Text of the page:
I’m developing a few yogurt-based recipes right now, and I wanted to take a stab at avial, this South Indian dish made with coconut, yogurt, and vegetables. We’re not South Indian, but I have such good memories of eating it at various aunties’ houses, and I spent the last week poring over cookbooks and blogs to figure out how to make it. The house fills with the smells of sweet coconut, earthy mustard seeds, and herb-y curry leaves. My mom fasts on Tuesdays, so she sadly can’t eat with me; but my dad and I have two servings each of the avial over some white rice. A few tweaks to be made, but overall a success. Dad and I also split a saison from Four Corners.
The whole meal is definitely better than last Tuesday, when my dad and I decided to make doctored-up versions of Maggi noodles (the beloved Indian instant ramen), only to find out on first bite that the noodles had gone rancid.
For dessert, my mom takes out dates she and my dad got on a trip to Jordan a few months back and had been saving. They taste like extra-dark caramel.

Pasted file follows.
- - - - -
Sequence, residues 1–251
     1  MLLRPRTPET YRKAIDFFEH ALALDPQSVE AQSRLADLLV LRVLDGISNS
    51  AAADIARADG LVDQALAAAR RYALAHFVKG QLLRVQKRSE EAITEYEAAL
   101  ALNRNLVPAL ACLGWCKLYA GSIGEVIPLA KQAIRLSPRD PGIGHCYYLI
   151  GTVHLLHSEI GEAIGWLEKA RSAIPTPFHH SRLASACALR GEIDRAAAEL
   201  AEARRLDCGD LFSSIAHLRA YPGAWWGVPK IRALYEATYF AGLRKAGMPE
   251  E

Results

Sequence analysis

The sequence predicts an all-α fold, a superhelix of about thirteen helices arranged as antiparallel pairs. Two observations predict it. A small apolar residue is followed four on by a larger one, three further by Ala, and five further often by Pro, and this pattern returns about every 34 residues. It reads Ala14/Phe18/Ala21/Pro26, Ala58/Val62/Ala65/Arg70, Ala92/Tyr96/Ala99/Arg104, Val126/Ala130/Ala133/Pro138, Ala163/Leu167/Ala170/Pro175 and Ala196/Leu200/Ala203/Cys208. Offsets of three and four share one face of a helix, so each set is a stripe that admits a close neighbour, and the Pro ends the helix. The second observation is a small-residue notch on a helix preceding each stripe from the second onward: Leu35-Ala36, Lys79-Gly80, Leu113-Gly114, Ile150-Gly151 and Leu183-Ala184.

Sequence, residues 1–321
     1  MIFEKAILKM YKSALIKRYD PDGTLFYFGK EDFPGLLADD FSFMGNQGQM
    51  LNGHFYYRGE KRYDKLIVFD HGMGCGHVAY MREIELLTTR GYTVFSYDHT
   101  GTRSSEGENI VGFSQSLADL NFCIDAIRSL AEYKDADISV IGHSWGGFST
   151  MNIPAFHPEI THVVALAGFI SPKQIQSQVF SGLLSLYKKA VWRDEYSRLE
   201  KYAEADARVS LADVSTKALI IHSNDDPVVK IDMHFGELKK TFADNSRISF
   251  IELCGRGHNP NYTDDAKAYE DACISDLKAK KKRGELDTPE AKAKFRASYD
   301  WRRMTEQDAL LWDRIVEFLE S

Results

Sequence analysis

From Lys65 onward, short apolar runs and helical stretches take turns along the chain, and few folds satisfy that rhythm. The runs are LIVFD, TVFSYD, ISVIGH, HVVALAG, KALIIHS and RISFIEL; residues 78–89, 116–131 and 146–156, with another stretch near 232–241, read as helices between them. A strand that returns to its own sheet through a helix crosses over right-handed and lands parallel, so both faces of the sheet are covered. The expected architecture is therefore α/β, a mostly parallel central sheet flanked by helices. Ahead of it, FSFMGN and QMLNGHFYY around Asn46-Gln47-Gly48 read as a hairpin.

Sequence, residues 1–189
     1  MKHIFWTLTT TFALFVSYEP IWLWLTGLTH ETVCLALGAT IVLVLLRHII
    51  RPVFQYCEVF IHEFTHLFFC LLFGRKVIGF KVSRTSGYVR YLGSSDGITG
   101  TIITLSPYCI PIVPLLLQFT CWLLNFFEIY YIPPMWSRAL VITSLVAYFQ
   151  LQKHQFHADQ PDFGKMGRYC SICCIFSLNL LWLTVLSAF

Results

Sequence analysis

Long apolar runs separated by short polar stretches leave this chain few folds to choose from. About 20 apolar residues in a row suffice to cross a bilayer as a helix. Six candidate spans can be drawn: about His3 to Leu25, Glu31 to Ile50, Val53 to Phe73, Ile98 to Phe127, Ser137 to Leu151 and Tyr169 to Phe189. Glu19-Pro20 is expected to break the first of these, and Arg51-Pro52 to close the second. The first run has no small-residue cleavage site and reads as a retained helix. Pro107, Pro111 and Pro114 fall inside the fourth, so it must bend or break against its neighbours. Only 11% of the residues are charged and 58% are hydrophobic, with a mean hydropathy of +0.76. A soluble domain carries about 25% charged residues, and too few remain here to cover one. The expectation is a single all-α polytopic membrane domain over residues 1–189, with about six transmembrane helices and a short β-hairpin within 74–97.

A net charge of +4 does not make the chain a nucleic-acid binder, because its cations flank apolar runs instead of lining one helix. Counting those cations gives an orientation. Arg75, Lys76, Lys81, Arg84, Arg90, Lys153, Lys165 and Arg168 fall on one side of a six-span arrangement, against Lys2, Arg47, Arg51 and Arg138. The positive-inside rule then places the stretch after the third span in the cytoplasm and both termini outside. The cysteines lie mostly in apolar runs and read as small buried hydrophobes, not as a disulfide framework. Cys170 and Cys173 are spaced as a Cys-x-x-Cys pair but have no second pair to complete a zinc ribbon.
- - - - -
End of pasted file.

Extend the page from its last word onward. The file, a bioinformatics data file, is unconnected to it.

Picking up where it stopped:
My mom and I have been trying to take at least one lap around the neighborhood after dinner, before we settle down for our family-TV ritual. We set out for our walk, and I do something I can’t help but do every time I go around my neighborhood, which is to mentally note which houses bought Girl Scout cookies from me way back when, and which ones didn’t. (Lest you think that Girl Scouts were a formative experience in my life — it wasn’t. But the cookie-sales part did traumatize me.)
I snap out of it because my mom wants to discuss what we should make for dinner the next night. She’s thinking vegetarian lasagna, with homemade sheets of pasta, plus mushrooms, cheese, and a bright-green spinach sauce. With all the uncertainty around coronavirus, it’s hard to feel optimistic about the future, but at least for now, I feel pretty great about the lasagna.